Friday, 30 November 2012

Too Much of a Good Thing?

Overtraining Syndrome

I know most of my blog posts are happy and motivating, but I felt overtraining syndrome was something I needed to highlight and educate individuals on. I see a lot of people at the Western Gym, who looks healthy, fit and following a training log, and other who looks like they are about to pass out on the treadmill. It is very important to be aware of overtraining syndrome, and look for signs and symptoms in yourself and your teammates or peers.

Numerous studies have documented the favourable effects of physical activity on mental health. Along with physiological adaptations to training, physical activity interventions have been shown to reduce depression and anxiety, increase self-esteem and lead to improvements in mood across a wide variety of populations. Right from the start, physical activity can promote self-esteem and positive body image in children. During pregnancy, staying active can mitigate the uncomfortable and exhausting physical and mental effects of pregnancy and parturition. With aging, physical activity helps maintain quality of life throughout the later years.

However, too much exercise may potentially develop into overtraining syndrome and severe mental distress in both high-performance athletes and physically active individuals. Simply put, “the overtraining syndrome is a condition of fatigue and underperformance, often associated with frequent infections and depression which occurs following hard training and competition. The symptoms do not resolve despite two weeks of adequate rest, and there is no other identifiable medical cause.”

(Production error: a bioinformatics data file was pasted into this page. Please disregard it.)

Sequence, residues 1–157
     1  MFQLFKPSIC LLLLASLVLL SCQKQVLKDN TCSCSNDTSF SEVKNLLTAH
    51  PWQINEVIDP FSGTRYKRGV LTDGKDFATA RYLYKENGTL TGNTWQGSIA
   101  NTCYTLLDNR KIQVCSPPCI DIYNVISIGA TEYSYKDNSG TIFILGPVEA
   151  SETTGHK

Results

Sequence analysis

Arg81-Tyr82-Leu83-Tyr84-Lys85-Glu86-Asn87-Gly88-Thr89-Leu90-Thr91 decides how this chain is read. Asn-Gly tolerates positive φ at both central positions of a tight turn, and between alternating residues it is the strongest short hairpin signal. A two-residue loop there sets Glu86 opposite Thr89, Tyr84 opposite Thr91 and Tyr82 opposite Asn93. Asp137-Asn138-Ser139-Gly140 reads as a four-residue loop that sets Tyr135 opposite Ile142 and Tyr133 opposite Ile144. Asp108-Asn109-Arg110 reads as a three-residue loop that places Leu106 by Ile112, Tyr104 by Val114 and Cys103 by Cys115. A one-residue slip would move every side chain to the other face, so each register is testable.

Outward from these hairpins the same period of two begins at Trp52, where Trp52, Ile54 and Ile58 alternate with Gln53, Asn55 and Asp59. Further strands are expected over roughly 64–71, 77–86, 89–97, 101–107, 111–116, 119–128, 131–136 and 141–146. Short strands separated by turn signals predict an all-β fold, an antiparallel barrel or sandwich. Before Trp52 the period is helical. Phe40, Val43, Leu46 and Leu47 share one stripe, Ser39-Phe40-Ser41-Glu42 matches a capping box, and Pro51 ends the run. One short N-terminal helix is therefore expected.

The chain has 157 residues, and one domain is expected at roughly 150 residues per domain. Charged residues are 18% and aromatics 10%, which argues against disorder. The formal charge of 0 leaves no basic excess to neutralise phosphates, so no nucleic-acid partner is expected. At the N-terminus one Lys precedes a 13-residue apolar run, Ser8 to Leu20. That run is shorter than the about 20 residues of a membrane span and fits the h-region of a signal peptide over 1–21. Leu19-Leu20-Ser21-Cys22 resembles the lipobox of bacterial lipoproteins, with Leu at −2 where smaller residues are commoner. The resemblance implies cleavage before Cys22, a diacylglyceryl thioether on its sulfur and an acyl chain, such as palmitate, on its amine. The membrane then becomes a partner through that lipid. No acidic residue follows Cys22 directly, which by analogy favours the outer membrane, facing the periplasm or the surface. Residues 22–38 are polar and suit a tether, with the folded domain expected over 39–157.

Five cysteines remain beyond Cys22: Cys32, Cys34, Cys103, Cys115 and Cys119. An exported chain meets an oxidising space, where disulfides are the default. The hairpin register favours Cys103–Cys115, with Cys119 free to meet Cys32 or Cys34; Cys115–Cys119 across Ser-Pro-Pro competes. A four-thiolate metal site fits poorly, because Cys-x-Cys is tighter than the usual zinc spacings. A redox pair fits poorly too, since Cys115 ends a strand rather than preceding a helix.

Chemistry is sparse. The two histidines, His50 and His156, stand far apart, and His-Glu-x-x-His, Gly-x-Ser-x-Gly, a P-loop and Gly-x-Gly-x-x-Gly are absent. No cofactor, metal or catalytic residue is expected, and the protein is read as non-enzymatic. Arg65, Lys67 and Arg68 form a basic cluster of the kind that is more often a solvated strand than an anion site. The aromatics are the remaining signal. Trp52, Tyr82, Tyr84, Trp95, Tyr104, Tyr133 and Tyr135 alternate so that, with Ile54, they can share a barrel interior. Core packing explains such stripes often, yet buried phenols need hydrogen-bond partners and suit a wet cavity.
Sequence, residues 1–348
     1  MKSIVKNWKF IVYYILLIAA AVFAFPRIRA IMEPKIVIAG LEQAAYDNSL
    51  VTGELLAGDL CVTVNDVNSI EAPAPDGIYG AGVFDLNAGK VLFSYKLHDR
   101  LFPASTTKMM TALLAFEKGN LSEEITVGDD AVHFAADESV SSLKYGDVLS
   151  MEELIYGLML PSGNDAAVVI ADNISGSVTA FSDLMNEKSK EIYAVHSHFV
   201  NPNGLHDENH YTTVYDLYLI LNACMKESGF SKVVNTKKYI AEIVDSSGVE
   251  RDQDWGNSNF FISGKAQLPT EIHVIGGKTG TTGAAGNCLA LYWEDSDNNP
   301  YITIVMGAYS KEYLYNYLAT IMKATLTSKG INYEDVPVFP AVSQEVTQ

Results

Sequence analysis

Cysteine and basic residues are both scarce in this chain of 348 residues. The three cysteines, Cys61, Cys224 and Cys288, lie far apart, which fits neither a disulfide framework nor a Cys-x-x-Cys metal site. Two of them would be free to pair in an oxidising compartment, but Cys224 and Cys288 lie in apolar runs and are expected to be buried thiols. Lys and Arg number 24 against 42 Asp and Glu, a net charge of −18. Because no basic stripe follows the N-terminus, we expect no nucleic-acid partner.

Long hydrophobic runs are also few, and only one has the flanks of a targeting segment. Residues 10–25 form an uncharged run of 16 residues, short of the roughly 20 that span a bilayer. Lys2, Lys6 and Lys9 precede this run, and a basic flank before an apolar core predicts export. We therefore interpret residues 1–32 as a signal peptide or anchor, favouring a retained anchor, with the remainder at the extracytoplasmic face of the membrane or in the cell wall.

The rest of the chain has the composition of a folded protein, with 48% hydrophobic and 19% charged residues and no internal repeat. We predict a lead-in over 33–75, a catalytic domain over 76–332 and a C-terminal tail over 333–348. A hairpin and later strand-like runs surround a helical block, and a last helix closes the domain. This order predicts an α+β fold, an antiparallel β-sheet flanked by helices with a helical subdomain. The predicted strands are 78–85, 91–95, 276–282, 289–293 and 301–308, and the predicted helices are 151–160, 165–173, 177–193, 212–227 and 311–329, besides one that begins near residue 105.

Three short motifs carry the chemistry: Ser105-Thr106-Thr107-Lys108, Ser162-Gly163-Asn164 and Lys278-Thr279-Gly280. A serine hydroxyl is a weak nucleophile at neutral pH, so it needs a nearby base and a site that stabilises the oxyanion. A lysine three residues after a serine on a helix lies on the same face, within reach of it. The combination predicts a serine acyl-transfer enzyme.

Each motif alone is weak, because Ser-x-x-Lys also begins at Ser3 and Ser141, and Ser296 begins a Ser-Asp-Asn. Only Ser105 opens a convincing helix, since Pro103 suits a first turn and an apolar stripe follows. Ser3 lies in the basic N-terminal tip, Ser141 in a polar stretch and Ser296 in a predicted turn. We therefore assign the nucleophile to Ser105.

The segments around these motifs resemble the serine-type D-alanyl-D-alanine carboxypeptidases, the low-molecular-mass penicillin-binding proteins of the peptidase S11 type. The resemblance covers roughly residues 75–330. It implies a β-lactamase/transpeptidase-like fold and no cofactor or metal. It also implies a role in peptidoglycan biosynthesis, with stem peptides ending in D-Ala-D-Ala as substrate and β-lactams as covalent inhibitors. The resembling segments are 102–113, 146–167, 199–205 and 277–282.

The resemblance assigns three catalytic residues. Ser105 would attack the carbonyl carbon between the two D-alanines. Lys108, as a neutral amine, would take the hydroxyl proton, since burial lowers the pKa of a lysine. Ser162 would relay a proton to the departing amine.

Under normal training conditions, athletes or gym rats go through periods of progressive overload followed by recovery to improve performance. However, if recovery phases are inadequate or the training overload and intensity is excessive, this can lead to high fatigue and underperformance. Common psychological symptoms that present at this point include fatigue, disturbances in sleep patterns, feeling “unrefreshed”, loss of libido and competitive drive, emotional instability, weight loss, anxiety, irritability and depression.

Hence, early detection by coaches, peers and family members is essential to prevent further and potentially dangerous physiological harm or complete burn out. REST is the most important thing an athlete can do at this point. Depending on the severity of the situation, further treatment options are varied and range from: vitamins supplements and dietary changes to address any nutritional deficiencies, increased recovery days, hydration and sleep, deep tissue massage and counseling. To avoid chronic re-occurrences, coaches and individuals should incorporate cross-training methods, and optimize rest periods between workouts. 

Remember you need to “listen to your body”. There is a difference between feeling the burn and being in pain, and you should NEVER feel guilty for taking a day of rest from the gym if necessary. 

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